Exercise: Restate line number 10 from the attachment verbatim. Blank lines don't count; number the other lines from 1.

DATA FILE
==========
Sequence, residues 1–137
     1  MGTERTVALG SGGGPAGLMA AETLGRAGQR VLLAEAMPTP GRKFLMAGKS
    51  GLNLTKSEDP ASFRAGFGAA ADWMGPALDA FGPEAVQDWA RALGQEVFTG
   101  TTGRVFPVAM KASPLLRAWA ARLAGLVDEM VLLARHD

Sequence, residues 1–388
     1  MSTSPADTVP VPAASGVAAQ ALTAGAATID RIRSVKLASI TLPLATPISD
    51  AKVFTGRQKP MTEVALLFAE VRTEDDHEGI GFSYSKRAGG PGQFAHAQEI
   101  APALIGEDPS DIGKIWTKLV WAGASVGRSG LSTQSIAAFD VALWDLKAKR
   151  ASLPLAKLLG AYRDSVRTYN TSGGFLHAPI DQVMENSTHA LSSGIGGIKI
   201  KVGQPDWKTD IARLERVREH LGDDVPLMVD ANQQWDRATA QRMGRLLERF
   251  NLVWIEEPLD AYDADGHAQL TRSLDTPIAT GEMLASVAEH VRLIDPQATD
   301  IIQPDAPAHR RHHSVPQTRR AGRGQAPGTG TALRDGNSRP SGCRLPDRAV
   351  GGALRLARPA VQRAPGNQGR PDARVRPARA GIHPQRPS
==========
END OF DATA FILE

   201  KVGQPDWKTD IARLERVREH LGDDVPLMVD ANQQWDRATA QRMGRLLERF